The widely known cryptocurrency, Bitcoin, was released in 2009 by an anonymous developer who went by the name of Satoshi Nakamoto. The most advantageous feature of this currency is its anonymity, which makes it very difficult to trace transactions. This is because there is no central record-keeping system for Bitcoin; instead, transactions are recorded on a public ledger called the blockchain, which makes it very difficult to determine who is buying or selling.

Bitcoin was initially used by anti-establishment enthusiasts after being banned by PayPal and other financial institutions. Now, Bitcoin is accepted as an official currency in Japan for purchases of goods and services. This move has effectively legitimized Bitcoin as a legal form of payment. Since then, many cryptocurrencies have been introduced into the market, using variations to Satoshi’s protocol that address improved security issues or create new features. These are known as altcoins ( alternative coins ).

CryptoCurrency & Security Concerns

Encryption techniques allow you to generate something called a cryptographic hash—a string of letters and numbers that acts as a unique fingerprint for any piece of data. Any tiny change in the original document will drastically change the hash, which makes it easy to detect even the slightest of alterations. By using public and private keys (long strings of numbers), you can send cryptocurrency safely over the internet. Because everyone is keeping track of all previous transactions with blockchain technology, you cannot spend currency that does not belong to you. This means there is no way to spend the same bitcoin twice–even if your name isn’t Satoshi Nakamoto!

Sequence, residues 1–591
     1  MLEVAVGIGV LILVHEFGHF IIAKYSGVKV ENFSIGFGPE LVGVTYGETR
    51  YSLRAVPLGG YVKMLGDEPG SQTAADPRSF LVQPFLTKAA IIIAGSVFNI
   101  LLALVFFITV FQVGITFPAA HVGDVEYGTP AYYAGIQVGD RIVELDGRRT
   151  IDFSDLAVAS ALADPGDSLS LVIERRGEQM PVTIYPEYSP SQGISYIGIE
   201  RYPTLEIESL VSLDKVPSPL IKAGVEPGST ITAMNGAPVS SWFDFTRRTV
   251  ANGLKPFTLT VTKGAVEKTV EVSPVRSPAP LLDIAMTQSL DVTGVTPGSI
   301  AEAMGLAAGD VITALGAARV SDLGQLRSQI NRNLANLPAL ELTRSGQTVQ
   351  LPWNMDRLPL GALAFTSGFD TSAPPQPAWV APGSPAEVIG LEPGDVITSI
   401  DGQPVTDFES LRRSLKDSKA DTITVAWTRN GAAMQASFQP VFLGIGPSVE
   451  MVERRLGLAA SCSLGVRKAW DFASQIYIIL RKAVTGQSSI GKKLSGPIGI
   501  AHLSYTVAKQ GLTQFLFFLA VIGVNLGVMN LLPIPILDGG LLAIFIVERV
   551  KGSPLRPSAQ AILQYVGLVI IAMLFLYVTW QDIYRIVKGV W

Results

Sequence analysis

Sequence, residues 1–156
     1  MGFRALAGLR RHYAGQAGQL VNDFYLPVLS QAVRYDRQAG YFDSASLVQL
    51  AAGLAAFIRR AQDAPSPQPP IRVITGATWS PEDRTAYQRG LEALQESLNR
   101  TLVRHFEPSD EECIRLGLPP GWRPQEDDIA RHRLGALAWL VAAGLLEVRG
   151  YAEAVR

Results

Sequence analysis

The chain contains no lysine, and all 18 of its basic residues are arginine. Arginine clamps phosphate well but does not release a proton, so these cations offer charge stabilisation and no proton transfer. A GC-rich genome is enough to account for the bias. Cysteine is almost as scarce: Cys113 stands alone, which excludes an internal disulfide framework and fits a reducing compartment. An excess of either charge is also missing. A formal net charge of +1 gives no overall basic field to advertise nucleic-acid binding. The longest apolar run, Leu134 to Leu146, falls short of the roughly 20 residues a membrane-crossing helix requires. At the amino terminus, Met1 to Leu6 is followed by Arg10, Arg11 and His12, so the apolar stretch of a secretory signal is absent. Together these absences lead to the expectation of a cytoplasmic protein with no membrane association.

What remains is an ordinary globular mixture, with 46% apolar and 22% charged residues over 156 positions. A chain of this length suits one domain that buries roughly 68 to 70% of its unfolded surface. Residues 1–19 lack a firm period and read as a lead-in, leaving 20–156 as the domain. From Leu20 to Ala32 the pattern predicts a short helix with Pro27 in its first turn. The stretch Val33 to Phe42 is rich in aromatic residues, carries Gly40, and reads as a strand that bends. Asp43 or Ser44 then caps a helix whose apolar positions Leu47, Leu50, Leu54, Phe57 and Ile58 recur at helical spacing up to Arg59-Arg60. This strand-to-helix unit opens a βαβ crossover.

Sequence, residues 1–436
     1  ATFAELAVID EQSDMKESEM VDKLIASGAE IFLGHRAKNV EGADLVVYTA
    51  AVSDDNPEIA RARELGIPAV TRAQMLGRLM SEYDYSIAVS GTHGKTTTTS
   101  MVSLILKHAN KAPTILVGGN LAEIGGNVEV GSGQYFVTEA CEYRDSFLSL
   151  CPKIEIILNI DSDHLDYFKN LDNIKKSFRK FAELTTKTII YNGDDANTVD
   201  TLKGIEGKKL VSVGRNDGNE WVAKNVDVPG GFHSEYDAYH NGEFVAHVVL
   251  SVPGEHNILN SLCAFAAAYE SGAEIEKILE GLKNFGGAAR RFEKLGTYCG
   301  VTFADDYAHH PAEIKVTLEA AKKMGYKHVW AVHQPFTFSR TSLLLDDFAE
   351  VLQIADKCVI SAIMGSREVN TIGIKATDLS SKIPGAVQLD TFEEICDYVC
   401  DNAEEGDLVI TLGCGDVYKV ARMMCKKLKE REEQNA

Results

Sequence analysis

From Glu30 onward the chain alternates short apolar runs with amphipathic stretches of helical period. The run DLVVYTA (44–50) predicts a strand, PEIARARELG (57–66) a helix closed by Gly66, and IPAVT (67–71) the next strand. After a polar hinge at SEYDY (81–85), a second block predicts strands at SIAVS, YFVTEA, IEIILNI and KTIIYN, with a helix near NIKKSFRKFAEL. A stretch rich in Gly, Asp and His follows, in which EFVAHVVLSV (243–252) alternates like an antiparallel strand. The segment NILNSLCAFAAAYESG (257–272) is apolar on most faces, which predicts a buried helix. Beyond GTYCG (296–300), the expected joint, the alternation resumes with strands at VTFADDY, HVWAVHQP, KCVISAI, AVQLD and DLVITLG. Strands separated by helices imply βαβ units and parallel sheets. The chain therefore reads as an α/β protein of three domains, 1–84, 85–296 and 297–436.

Cryptocurrencies have gained their popularity from being decentralized, which means they are not governed by any central authority. Their anonymity has been both a blessing and a curse. Although there is no doubt that it provides criminals with an easy platform for executing fraud, this same feature protects regular users against identity theft. The challenge of cryptocurrencies will be to stabilize themselves once accepted worldwide. This will require regulations, but also developing new uses to provide stability in the coin’s value.